In this instance, for 'home cinema in a box' read either 'separate components at a special price' or 'home cinema in several boxes'.
The Onkyo HT-BD3315 consists of HT-R380 multichannel receiver, BD-SP308 Blu-ray player and HTP-338 5.1 speaker package, and its pros are almost exactly equal to its cons when judged against more integrated systems.
The most obvious 'pro' is the HT-R380 receiver. Three HDMI inputs make it more flexible than most all-in-ones. Separating disc transport from the electrical noise of amplification can't do any harm, either.
A system like this occupies a fair bit more space than your usual all-in-one, though, and better-integrated systems don't show up with two remote controls.
Decoding the DTS-HD Master Audio soundtrack to the ferocious Ninja Assassin, the Onkyo establishes a secure, relatively expansive soundstage and moves the effects around with speed and precision.
More after the break
Just one weak linkImages enjoy good levels of detail, a nicely balanced colour palette and convincing skin-tones.
For all its general poise, though, the Blu-ray player is sometimes panicked by motion and doesn't offer quite the insight into or differentiation of black tones that some other affordable standalone players can muster.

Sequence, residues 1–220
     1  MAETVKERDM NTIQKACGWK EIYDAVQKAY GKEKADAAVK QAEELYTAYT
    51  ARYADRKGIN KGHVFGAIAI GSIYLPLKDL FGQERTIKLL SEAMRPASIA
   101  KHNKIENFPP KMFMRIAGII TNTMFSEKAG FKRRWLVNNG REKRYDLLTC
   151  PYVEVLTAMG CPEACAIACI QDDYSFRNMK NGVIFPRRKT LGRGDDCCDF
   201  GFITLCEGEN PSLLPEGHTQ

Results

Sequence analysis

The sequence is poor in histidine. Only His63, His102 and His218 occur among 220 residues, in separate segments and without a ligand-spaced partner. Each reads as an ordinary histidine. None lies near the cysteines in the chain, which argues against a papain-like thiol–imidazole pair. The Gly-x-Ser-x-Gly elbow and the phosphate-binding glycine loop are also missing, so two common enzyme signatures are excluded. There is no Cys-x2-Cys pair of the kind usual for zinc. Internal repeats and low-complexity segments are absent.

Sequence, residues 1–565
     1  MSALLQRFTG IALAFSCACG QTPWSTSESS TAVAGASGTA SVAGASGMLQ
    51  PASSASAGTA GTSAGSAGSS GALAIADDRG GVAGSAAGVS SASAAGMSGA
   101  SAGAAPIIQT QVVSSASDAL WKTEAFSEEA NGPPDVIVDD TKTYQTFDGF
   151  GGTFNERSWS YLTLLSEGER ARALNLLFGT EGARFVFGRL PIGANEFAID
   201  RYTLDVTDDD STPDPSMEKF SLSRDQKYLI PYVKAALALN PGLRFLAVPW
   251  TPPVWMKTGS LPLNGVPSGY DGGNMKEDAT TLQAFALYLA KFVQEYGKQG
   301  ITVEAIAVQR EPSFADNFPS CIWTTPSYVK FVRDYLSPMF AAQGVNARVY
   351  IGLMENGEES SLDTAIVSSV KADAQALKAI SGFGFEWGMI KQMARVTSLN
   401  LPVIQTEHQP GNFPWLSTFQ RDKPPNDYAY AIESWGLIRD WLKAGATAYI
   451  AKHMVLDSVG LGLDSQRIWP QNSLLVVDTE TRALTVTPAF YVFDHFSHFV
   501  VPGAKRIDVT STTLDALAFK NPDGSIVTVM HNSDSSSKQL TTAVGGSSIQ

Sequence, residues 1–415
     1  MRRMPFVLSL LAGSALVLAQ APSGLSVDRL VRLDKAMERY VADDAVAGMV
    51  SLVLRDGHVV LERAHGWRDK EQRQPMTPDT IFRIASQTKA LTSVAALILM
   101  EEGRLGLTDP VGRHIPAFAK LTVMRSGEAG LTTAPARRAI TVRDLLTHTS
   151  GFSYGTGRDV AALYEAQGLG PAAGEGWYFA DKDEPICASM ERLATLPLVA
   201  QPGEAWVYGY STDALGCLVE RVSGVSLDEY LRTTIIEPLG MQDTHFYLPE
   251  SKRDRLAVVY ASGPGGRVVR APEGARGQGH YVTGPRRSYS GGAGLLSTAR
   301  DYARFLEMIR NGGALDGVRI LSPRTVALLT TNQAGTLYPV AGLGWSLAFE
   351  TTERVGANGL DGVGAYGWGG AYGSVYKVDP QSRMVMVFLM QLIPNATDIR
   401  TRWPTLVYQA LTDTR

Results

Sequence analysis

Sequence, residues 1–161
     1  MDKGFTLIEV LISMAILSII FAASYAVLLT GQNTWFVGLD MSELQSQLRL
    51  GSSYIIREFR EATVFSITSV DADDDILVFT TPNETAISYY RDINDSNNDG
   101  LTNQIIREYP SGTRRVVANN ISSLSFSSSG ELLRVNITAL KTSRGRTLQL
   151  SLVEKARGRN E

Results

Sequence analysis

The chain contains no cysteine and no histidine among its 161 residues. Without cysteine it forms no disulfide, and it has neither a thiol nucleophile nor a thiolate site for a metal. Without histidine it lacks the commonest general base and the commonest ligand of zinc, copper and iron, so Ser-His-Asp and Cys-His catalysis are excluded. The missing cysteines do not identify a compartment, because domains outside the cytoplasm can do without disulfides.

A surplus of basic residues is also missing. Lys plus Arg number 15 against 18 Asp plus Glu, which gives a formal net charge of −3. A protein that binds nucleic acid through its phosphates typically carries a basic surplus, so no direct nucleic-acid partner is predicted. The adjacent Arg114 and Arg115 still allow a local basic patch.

The HT-BD3315's biggest drawback, however, is its speaker system. For all the good work the amp does, it can't do much about the thin voices with which the speakers sing.
There's a coarse and gauzy quality to the top of the frequency range; and the subwoofer seems, at best, on nodding terms with its five partners. To be fair, though, that's a failing of almost every all-in-one system we've heard.
There's an extremely competent system struggling to get out here, but while it's saddled with these speakers it's never going to compete for top honours.